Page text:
Deckert did not go into detail when asked about these three players. Earlier this week, he said some of the more experienced WSU players will be on “court hits” — limited reps to reduce workloads — early in camp.
“They’re still coming back on it, and we just want to make sure there are no setbacks,” he said Thursday. “At this time of year, we can’t have any setbacks. So they are doing well. These guys have played a lot of football, and they will keep working again as we continue to progress.”
Outdoor backup receiver CJ Moore wore street clothes and practiced spectators. Moore sustained an unspecified lower body injury on Wednesday. Slotback Robert Ferrell, a major transfer from Incarnate Word, has been sidelined with a toe injury.
Cougars Preview Communication Drills
Linebacker Daiyan Henley spoke at length about WSU’s cohesive culture.
“All he (Deckert) talks about is being a family, being a unit — the Cogs are winning all the time,” said Henley, a Nevada transfer senior and WSU star in the making. “We compete, but in the end, the Cougs won.”
After Henley wrapped up his friendly thoughts, a reporter mentioned that the Cougar’s defense appears to have an advantage over its offensive counterparts in Thursday’s training.
“I know this might go against what I just said about ‘the Cogs always win,'” Henley said with a smile as Bell listened to the interview, ‘But when don’t we have the advantage? I mean, you might talk to Raynard Bell, and he might say he hit a pass…but it’s always about defense.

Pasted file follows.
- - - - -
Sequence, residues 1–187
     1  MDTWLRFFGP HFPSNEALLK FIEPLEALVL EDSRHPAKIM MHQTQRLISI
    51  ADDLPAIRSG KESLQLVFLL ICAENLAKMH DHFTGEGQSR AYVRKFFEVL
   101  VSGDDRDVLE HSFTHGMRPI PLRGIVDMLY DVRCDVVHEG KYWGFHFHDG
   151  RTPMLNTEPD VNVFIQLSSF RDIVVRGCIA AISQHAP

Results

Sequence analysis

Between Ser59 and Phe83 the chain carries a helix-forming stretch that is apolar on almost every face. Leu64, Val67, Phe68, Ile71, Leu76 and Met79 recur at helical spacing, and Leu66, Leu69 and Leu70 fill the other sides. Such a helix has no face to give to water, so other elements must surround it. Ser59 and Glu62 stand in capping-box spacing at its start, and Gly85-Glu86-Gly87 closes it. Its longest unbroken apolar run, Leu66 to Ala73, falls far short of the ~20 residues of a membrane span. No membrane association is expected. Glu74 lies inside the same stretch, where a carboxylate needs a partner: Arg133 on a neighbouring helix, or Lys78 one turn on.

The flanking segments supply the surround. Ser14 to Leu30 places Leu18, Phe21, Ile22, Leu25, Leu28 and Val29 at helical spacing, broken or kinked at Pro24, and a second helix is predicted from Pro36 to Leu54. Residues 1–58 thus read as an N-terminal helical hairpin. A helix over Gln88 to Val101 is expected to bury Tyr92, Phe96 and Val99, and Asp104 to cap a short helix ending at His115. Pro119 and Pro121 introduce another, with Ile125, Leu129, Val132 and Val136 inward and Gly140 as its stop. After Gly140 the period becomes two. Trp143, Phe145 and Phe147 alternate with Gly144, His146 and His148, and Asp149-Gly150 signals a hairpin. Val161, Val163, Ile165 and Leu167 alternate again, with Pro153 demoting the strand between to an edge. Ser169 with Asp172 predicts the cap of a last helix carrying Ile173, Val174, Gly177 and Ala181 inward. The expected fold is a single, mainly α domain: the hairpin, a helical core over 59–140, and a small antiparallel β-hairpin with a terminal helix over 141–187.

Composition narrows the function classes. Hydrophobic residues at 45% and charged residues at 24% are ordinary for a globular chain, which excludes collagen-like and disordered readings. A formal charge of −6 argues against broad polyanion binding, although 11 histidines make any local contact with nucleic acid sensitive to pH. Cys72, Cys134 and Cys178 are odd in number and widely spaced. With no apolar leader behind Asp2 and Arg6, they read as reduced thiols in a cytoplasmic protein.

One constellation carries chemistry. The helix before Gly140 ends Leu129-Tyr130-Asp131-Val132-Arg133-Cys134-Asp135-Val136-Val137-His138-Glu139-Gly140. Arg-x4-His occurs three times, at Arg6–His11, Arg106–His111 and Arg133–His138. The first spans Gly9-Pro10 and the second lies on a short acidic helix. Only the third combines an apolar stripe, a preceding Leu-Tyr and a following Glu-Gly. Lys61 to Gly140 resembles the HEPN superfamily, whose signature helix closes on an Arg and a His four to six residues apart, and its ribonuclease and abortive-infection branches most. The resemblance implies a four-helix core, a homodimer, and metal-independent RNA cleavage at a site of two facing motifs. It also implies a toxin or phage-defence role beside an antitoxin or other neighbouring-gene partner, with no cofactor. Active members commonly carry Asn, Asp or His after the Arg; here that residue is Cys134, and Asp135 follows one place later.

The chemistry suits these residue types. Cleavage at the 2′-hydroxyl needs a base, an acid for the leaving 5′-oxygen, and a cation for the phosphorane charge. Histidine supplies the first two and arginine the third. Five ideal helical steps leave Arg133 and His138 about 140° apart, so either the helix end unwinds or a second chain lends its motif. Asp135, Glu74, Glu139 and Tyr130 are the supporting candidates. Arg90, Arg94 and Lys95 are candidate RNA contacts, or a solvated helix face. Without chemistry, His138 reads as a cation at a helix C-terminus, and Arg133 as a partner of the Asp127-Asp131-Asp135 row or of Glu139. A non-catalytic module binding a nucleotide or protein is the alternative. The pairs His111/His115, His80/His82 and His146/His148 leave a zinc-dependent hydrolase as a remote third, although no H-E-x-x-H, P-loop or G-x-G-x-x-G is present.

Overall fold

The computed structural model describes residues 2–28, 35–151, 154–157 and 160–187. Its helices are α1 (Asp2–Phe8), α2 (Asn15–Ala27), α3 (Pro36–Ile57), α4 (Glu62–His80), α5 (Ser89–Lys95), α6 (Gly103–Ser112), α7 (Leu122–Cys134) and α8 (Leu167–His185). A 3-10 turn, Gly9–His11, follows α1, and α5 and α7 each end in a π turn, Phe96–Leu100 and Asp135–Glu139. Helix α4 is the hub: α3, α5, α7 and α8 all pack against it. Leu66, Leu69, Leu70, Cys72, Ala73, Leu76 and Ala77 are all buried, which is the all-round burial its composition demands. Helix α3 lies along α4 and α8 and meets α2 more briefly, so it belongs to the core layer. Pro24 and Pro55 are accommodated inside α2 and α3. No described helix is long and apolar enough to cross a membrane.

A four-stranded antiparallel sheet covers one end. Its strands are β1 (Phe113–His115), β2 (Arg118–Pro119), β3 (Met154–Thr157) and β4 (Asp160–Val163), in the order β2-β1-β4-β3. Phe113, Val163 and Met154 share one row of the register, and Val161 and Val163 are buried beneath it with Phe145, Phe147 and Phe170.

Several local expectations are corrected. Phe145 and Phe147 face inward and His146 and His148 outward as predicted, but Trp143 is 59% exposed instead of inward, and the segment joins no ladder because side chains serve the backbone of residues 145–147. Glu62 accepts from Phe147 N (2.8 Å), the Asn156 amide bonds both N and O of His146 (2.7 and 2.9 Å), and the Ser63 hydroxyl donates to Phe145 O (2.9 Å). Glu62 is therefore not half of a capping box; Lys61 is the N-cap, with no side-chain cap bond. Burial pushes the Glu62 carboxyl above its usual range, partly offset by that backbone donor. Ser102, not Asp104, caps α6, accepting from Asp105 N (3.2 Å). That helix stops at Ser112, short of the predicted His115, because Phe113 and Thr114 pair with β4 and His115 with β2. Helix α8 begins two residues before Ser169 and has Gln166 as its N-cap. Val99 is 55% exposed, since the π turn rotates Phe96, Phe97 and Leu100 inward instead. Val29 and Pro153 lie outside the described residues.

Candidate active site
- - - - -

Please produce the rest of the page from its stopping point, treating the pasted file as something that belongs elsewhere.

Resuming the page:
“We’re like little brother, step-son. It’s about being the ‘dark side’. That’s how we think of ourselves sometimes. We go out and spoil people’s days, because who wants to see the defense stop their attack from scoring?”
WSU straps on the shoulder pads on Friday morning. Henley is looking forward to it.
“Violent fun, friendly,” he said. “That’s how I feel. I hit people and it’s legal – usually – without yellow flags.”
Bale got his chance to answer the claim – that WSU’s defense has an advantage over the team’s offensive. He is eager to prove Henley wrong.
“We’re cheering,” Bell said. “I hope they go (cover) tomorrow. Press everyone. I pray they do, because it’s a cover. It doesn’t matter what they’re doing – landing. It’s just what it is. Go attack. But in the end, the Cogs won.”
Deckert expects internal exercises to test the durability of the air raid attack in the land and pound game.
“I’m an old defensive man,” he said, “and that’s in my blood.” “Once you put the pads on…everything will go up, the power will go up.”
“With (Mike) Leach, we threw about 100% of the time. With this air raid, I know for sure we’re going to run the ball a lot more. We have a tight end package. … It’s going to help us a lot, especially in a running game. That’s the main thing. – The running game. I think it’s going to be more than 60/40 pass/run, but whatever the performance of this game is, that’s what we’re going for.” — WSU Year Seven recipient Raynard Bell, asked to compare the new Cougars air raid offense to the Air Raid system used by former coach Mike Leach.